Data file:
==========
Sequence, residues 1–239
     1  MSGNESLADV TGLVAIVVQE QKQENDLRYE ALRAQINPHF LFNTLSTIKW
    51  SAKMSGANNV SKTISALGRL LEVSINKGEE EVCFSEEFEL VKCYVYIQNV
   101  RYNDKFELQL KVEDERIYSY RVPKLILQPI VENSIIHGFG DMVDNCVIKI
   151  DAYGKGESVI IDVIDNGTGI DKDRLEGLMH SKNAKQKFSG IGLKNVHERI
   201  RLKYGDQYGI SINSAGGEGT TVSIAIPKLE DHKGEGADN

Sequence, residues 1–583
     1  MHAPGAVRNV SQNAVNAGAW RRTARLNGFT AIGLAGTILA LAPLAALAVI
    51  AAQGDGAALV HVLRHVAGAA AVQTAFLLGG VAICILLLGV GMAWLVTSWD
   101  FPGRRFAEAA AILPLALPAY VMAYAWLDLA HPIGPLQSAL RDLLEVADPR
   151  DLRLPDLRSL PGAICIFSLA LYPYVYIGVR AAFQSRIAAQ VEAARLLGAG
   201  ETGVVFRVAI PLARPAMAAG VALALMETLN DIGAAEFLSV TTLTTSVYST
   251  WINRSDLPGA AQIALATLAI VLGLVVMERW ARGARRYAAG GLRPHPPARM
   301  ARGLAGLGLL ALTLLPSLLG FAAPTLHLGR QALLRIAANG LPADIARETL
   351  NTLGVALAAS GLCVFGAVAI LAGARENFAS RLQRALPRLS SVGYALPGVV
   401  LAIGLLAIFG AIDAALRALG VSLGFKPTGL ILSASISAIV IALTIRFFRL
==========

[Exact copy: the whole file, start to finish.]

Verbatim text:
Sequence, residues 1–239
     1  MSGNESLADV TGLVAIVVQE QKQENDLRYE ALRAQINPHF LFNTLSTIKW
    51  SAKMSGANNV SKTISALGRL LEVSINKGEE EVCFSEEFEL VKCYVYIQNV
   101  RYNDKFELQL KVEDERIYSY RVPKLILQPI VENSIIHGFG DMVDNCVIKI
   151  DAYGKGESVI IDVIDNGTGI DKDRLEGLMH SKNAKQKFSG IGLKNVHERI
   201  RLKYGDQYGI SINSAGGEGT TVSIAIPKLE DHKGEGADN

Sequence, residues 1–583
     1  MHAPGAVRNV SQNAVNAGAW RRTARLNGFT AIGLAGTILA LAPLAALAVI
    51  AAQGDGAALV HVLRHVAGAA AVQTAFLLGG VAICILLLGV GMAWLVTSWD
   101  FPGRRFAEAA AILPLALPAY VMAYAWLDLA HPIGPLQSAL RDLLEVADPR
   151  DLRLPDLRSL PGAICIFSLA LYPYVYIGVR AAFQSRIAAQ VEAARLLGAG
   201  ETGVVFRVAI PLARPAMAAG VALALMETLN DIGAAEFLSV TTLTTSVYST
   251  WINRSDLPGA AQIALATLAI VLGLVVMERW ARGARRYAAG GLRPHPPARM
   301  ARGLAGLGLL ALTLLPSLLG FAAPTLHLGR QALLRIAANG LPADIARETL
   351  NTLGVALAAS GLCVFGAVAI LAGARENFAS RLQRALPRLS SVGYALPGVV
   401  LAIGLLAIFG AIDAALRALG VSLGFKPTGL ILSASISAIV IALTIRFFRL